The future of digital communication
New technologies are emerging that could change the way we work and communicate. We're exploring some of them in our upcoming Hot Topics event.
I am an inveterate adopter of new communication technologies.
The latest games console will leave me cold but give me a new way of exchanging information and I'm there: Hotmail in 1997, Skype in 2004, twitter and Facebook in 2007 - even Pownce and Friendfeed.
The first (and most exciting for some of my NESTA colleagues) is the use of telepresence robots, highlighted in a New York Times article earlier this year: 'The boss is robotic, and rolling up behind you'.
Described as extending the experience of video conferencing out of the meeting room and into offices and hallways, telepresence robots project a remote user's voice and sometimes image onto a robot which can roam hallways and transmit pictures back to the user.
They are being deployed in the offices of technology companies like Mozilla, as well as in hospitals.
The second trend has been around for a much longer time - the hand-wringing over 'information overload', 'email bankruptcy' and other phrases that suggest electronic communications are ruining our lives.
The argument goes that email, twitter, instant messaging and text messaging have made it too easy to communicate and we simply don't have enough time to respond to all the information we receive.
I am a strong believer that it is not the 'fault' of technology if we feel overloaded and I was keen for this Hot Topics event to explore how we can change the way we use communication technology, in order to make it more effective, more human and more meaningful.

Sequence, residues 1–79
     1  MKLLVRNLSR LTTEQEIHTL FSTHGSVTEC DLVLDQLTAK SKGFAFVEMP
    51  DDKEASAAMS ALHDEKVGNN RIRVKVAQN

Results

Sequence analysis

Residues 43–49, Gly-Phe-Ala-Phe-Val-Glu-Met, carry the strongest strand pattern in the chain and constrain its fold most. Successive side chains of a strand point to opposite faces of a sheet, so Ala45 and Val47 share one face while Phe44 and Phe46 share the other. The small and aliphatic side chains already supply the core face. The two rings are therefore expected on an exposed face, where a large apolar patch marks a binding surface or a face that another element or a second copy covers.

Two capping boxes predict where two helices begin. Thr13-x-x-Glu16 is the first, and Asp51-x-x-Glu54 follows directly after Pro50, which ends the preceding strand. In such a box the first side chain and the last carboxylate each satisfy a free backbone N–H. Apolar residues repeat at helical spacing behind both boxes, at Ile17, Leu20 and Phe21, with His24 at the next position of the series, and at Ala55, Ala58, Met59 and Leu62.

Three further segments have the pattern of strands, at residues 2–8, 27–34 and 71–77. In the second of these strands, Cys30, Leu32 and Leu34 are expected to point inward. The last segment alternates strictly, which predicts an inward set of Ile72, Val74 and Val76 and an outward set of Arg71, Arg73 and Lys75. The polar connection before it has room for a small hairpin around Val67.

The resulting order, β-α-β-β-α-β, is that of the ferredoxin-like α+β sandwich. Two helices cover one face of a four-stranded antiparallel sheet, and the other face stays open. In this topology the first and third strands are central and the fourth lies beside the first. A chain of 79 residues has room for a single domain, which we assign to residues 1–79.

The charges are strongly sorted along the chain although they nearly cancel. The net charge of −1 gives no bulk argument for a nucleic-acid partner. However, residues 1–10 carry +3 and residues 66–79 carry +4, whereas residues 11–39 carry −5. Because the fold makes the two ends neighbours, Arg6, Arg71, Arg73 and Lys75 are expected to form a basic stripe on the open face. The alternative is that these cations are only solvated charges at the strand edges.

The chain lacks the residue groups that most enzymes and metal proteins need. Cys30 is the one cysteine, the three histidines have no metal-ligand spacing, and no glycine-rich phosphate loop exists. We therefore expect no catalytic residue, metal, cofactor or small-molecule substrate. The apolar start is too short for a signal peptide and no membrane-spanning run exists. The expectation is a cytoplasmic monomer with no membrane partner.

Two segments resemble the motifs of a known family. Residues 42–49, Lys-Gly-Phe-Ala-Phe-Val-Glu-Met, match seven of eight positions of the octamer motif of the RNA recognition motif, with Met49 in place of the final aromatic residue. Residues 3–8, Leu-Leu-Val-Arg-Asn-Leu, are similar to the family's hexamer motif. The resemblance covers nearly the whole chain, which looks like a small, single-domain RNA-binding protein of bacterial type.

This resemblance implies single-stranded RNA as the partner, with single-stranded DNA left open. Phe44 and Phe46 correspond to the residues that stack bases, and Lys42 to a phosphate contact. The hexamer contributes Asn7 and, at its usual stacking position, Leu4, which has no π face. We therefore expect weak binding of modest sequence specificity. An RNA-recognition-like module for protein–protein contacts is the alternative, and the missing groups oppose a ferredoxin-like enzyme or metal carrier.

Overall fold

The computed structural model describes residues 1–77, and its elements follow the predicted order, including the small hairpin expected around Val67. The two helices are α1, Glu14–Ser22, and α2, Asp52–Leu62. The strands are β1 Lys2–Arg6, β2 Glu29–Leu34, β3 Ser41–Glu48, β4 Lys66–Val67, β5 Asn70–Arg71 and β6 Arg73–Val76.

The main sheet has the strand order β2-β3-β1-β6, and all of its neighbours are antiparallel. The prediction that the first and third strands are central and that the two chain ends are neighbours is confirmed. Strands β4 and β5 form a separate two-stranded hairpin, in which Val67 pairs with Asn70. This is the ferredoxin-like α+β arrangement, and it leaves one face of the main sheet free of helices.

We are hoping to explore these issues in the next Hot Topics event on the 1st June, next Wednesday morning, starting at 8:30am BST.
We have a great selection of speakers coming to this event: French robot and software company Gostai are coming along with their Jazz Connect telepresence robot, fresh from e>G8, and CEO Jean-Christophe Baillie will be speaking.
Nick Sheppard, head of collaboration for Cisco UK and Ireland will be talking about how video and telepresence can create a different type of interaction.
Richard Harper, a researcher at Microsoft Research in Cambridge, and author of 'Texture' will talk about how we can use different technologies for different purposes.
And Ghislaine Boddington from body>data>space, who have been working with NESTA on our 'Robots and Avatars' project, will talk about their experiences with blended virtual & physical spaces
We have collected a page of resources on the theme of 'Digital You', with links to books, articles and videos, where you can read up on some of the issues ahead of the event, or explore more afterwards.
If you can't attend, you can follow #nestahottopics on twitter, and catch up with the video after the event, as well as our online recap.